But for lack of knowledge or budget, or for relying too heavily on their publishers, many authors find themselves in the retroactive position. Instead of tossing in the towel come what may, I think there are avenues to market or publicize your book in a way that builds an audience perhaps slowly, but also more meaningfully and permanently. Before you begin, it’s crucial to shift your objective from ‘buy my book!’ to ‘learn about my book and see if you like it.’ Don’t fall prey to algorithms and popularity contests. What good are those thousands of followers and friends, those form letters to no one in particular, if these are not people who would realistically enjoy your book?

Here are a few ways to use free social platforms available to everyone to genuinely connect with readers at an individual level:
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For authors promoting their books, there are so many methods of marketing online that one can often overlook the most essential platform second to your website: your Amazon book page. Much like your website, this is your showcase—but unlike your website, you’re not allowed the same freedom to design beyond Amazon’s basic infrastructure. So, if your page will appear at least superficially like everyone else’s, how will you hook a potential reader in those very first seconds he or she is scanning your page? How will you stand out? Here are our top 6 hints.

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Mary

We were thrilled to sit down with Mary Cummings, the Editorial Director of Diversion Books, to pick her brain on what she sees really working in the world of eBooks, and to get her recommendations for authors on best marketing practices for their books.

First, I’m so curious about how you came to naming your company Diversion.

I can take no credit in the naming of Diversion, as it happened well before my time, but we think of “Diversion” in a couple of ways. There’s the book-as-entertainment aspect, as in “this book is a welcome diversion from my busy day,” but also the very real and important distinction of Diversion as a publisher that has “diverted” from the path of traditional publishing insofar as its digital focus and all that comes with it, but has not abandoned the path altogether. In general, we like to think of Diversion as: “traditional approach, digital focus.”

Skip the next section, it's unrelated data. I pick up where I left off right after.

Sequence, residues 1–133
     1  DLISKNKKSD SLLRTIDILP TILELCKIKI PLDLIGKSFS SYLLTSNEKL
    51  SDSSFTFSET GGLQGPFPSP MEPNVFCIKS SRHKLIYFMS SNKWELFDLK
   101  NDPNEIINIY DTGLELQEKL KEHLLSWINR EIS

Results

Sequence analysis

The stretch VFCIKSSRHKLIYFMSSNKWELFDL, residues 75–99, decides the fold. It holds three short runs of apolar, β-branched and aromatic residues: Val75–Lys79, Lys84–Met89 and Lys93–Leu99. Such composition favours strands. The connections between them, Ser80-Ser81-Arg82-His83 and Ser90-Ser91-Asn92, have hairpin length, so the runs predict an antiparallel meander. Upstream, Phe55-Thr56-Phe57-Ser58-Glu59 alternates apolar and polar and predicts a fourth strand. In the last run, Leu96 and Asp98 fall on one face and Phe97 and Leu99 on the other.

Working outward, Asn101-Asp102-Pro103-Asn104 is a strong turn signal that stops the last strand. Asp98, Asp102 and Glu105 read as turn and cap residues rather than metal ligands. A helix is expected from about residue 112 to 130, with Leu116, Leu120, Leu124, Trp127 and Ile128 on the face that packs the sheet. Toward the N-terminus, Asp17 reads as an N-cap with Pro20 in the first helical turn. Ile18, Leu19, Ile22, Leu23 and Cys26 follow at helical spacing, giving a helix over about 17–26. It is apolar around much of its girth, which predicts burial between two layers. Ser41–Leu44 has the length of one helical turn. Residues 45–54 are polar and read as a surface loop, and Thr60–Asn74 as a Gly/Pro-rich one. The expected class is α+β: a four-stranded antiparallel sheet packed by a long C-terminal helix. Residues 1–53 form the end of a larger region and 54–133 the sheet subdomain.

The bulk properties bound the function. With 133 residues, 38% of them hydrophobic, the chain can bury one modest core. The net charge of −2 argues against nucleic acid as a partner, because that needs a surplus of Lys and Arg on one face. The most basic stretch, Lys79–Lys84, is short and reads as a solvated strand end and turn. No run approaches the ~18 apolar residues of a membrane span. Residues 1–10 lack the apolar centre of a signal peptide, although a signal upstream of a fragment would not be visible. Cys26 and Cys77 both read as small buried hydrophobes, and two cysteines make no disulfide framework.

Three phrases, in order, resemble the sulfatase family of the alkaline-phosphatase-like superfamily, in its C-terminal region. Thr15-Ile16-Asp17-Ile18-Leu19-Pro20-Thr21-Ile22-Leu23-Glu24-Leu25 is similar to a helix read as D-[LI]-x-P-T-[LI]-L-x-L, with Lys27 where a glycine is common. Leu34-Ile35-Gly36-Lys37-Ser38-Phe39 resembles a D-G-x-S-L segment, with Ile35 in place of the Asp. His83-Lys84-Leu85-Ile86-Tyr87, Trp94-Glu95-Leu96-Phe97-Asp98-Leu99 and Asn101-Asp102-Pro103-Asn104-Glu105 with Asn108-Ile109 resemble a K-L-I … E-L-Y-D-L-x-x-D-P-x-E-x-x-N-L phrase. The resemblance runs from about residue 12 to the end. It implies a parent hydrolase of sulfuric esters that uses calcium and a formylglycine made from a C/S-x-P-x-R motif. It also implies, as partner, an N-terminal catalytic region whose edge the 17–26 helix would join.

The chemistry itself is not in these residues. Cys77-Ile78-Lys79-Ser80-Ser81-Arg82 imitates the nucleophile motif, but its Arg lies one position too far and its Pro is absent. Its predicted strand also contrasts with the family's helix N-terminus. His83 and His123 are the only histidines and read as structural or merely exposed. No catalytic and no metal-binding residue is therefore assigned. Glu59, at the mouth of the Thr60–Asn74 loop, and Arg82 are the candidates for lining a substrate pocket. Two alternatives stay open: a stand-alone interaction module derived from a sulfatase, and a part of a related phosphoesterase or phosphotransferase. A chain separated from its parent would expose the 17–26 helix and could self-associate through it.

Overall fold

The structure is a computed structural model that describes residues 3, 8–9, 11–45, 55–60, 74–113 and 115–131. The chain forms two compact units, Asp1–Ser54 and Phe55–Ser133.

Why publish with Diversion over Amazon?

Do you mean why not self-publish? Well, if you have time, savviness, and energy to put into publishing and promoting your book in an aggressive, ongoing way, then go for it! But even the most successful self-published authors are turning to companies like Diversion because they see value to more hands on deck, a reputable house backing them and enhancing their efforts, and abandoning the more nitty-gritty, technological, metadata-oriented tasks that are in constant need of management for the entire life of the ebook, assuming it is to be successful. Very few authors will be successful just by putting their work out there–it has to be continually nurtured, updated, and attended to on the marketing end.

Do you predict a fadeout of traditional publishers in favor of eBooks? Read more »

As creative types, those of us who work in publishing and those with MBAs may speak in different tongues, but the way business school graduates are taught to think—analytically, strategically, and always with a mind toward the revenue opportunity—can be valuable in almost any industry. Speaking with MBAs is a complement to the everyday creative, people-y industry of publishing, an industry still largely functioning without predictive data. Maybe we’re getting there.